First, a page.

Apparently there is a new TikTok trend afoot in which women send their blissfully bumbling husbands and boyfriends in search of feminine hygiene products that don’t actually exist. This nonexistence should be readily apparent to anyone tasked with procuring these products, considering they are named things like the “Oochie Cooch 3,000” and the “Squeaky Clean-a Vageen-a.” The alleged humor of these stunts, however, hinges on the fact that these clueless straight men know so little about female health that they fail to recognize that the “Magic Fwem Fwem Fresh 2,000” isn’t a real thing. The hapless men then ask a confused worker for help locating whatever Dr. Seuss-sounding product their girlfriend made up, and hilarity presumably ensues.
While it’s certainly possible that these TikTok stunts are just carefully coordinated performances and men aren’t actually falling for the absurd ruse, the mere existence and popularity of this trend reflects a tired, rather embarrassing social script that remains pervasive in heterosexual culture (if one can all it that).
It’s part of a genre I’ve taken to calling “straight cringe,” in which straight people parade dated tropes and gendered belief systems as cheeky but largely unironic celebrations of binary gender and biological essentialism. Gender reveal parties are straight cringe, as is the trove of embarrassing baby merch needlessly advertising the fact that the parents of a baby created that baby through sexual intercourse with suggestive jokes like, “They did not stay six feet apart,” and “I’m proof that daddy doesn’t shoot blanks.”
As Mel Magazine’s Miles Klee wrote earlier this month of the onslaught of sexually suggestive baby merch, “It feels like an offshoot of the traditionalist culture that gave us gender reveal parties, in that it openly prizes an anatomical binary as the basis for ordinary life.”
While the allusion to straight intercourse is not explicit in the TikTok tampon stunt, it does hinge on similarly tired gender tropes reflective of a still-dominant heterosexual dynamic rooted in the traditionalist culture to which Klee alludes. The supposed humor in the TikTok trend relies on the same “clueless straight guy” schtick that has long dominated sitcoms and TV ads. Because he is a cis, heterosexual male, the clueless straight guy is completely ignorant of the female body, specifically the genitalia and anything that might come in contact with it. Despite having sex with women, as a straight man is wont to do, clueless straight guy has no idea where the clitoris is. Clueless straight guy can’t read a box of tampons. Clueless straight guy had no idea he was using pH-balanced vaginal wash to clean his own body, and now he must complete a series of traditionally manly feats in order to restore his sacred masculinity.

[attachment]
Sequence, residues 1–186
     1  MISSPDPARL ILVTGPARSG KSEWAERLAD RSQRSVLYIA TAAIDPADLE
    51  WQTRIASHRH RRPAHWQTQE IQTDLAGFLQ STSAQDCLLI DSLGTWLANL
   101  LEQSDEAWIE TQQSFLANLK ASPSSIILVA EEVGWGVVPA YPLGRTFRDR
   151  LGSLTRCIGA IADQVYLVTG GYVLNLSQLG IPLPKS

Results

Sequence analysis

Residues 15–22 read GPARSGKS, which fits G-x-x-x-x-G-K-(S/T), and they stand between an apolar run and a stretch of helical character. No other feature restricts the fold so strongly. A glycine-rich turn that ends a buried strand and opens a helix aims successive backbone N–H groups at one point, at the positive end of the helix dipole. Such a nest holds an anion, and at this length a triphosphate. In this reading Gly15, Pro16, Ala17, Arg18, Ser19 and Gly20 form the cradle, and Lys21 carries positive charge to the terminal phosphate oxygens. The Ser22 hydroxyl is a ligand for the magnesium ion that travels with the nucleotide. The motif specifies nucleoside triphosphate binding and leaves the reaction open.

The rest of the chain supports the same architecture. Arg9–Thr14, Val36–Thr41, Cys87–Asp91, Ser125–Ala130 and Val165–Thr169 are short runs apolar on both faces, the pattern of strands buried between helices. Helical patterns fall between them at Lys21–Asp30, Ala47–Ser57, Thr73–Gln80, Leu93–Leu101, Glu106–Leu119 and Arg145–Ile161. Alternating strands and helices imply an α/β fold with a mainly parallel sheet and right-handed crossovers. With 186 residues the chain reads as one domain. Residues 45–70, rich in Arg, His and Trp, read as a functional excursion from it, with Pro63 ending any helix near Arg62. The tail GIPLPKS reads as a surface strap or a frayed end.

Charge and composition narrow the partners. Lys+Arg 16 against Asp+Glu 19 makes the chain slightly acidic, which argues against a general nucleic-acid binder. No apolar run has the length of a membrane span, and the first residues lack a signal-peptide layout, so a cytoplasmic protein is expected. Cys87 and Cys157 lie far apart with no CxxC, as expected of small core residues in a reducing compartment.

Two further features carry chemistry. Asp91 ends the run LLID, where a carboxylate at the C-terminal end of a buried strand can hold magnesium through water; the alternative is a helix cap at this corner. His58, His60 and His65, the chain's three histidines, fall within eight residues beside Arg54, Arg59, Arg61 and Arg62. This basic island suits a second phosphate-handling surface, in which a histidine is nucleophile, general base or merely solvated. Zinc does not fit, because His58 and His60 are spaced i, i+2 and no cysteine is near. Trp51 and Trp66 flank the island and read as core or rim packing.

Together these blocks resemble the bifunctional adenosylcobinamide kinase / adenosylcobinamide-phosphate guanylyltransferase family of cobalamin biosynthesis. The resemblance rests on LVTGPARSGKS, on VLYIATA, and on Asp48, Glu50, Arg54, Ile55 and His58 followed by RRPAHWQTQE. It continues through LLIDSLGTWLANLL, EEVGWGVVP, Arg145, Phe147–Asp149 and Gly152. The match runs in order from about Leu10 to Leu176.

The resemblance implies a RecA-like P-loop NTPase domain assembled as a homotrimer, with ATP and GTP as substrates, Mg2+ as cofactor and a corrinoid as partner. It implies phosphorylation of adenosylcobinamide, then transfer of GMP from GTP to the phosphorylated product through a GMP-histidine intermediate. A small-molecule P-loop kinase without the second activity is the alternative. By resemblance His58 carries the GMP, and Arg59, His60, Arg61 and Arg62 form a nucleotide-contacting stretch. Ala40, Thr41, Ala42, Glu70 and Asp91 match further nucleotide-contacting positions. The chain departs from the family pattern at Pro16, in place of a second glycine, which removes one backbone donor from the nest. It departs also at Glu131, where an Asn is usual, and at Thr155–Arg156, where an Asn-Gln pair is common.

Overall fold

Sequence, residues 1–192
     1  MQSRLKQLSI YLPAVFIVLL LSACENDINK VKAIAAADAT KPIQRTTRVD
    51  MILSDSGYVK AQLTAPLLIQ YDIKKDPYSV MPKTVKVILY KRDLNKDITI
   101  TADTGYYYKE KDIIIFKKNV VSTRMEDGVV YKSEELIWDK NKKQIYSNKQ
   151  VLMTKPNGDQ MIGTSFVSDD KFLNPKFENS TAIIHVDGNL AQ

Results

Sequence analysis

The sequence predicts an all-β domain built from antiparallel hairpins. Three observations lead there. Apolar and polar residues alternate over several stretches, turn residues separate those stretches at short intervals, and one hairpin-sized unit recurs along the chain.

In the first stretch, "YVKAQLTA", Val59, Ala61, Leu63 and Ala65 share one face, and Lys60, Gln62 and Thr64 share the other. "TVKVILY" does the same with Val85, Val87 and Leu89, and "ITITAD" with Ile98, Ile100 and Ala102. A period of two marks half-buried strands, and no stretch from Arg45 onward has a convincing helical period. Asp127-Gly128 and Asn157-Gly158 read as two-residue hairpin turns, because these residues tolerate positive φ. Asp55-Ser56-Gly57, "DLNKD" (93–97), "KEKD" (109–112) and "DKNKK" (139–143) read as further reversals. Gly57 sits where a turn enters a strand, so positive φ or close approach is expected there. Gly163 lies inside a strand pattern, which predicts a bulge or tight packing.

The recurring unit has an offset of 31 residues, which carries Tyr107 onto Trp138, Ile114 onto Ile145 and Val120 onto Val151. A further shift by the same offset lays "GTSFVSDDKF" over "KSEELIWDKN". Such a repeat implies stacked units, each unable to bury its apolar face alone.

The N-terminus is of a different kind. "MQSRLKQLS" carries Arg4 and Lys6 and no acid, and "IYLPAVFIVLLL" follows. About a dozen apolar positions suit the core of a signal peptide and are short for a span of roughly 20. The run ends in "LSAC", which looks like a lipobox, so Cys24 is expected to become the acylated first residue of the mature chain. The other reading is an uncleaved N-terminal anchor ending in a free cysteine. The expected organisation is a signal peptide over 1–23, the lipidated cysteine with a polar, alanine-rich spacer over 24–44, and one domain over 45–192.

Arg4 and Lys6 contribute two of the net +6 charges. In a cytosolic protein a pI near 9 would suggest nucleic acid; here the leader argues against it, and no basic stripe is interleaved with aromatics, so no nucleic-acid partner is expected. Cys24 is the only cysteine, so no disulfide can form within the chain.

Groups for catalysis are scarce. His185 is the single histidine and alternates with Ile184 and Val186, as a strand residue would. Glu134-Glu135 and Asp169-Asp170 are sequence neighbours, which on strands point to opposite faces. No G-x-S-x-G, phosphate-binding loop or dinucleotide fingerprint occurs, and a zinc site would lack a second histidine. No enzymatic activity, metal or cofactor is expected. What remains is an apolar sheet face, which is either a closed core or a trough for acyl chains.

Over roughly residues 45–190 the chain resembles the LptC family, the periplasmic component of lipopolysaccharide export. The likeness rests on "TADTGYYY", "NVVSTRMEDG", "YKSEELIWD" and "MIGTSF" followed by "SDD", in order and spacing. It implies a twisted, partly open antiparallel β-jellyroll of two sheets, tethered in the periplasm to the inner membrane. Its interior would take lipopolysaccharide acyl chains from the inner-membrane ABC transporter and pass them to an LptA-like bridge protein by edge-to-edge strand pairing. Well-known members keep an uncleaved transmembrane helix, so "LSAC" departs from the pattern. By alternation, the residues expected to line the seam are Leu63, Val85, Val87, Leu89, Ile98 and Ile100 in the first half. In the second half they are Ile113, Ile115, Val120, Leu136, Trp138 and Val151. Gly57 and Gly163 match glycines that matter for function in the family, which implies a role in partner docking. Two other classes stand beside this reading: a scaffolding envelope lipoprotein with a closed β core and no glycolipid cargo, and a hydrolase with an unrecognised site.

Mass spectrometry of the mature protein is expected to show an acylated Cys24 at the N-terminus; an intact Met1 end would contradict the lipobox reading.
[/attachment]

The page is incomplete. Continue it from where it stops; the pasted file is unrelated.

The TikTok trend sending men on an ill-fated quest for the Vaginator 6000 is just another manifestation of the same tired trope. “Look, straight men are so ignorant of the female body they couldn’t possibly tell the difference between real women’s hygiene products and these obviously fake-sounding inventions. Lol!” On some level, these jokes might seem almost subversive, if only because they are being made at men’s expense, presumably portraying women in a position of superiority. All they really do, however, is reinforce the same gender binary that has long formed the basis of patriarchal heterosexuality, and embarrass us all in the process.
The latest TikTok trend is actually another manifestation of a straight cringe subgenre entirely devoted to men purchasing feminine hygiene products. In the first half of the last decade, a viral photo of a conventionally masculine-looking man buying tampons and a box of pink cupcakes circulated the internet, racking up heart-eyes emojis and often accompanied by the caption “smart man.”
While this earlier version of the trend was more about praising straight men than mocking them, it still leaned on the same presumption of cluelessness. We are all expected to stand in awe of the straight man who manages to untangle the vast mysteries of the female reproductive system and successfully purchase a box of tampons for his vagina-having partner. The whole thing is an embarrassing advertisement for a cartoonish version of heterosexuality actively celebrating straight women’s extremely low standards and men’s ability to surpass them by simply purchasing a box of tampons.
This is not to say that men shouldn’t buy tampons or any other hygiene products designed for vulva-bodied individuals — whether for their partners or for their own use. But men buying said hygiene products does not need to be an entire subgenre of internet content. Please, let’s all stop celebrating the clueless straight man. Straight women: let’s stop mocking the presumed ignorance of our own male sex partners and ultimately exposing our own devastatingly low standards. Straight men: stop playing into this insulting schtick. I know you know how to buy tampons and that the VagiDazzle Max 5000 isn’t a real thing. On behalf of straight people everywhere: we’re embarrassing ourselves.
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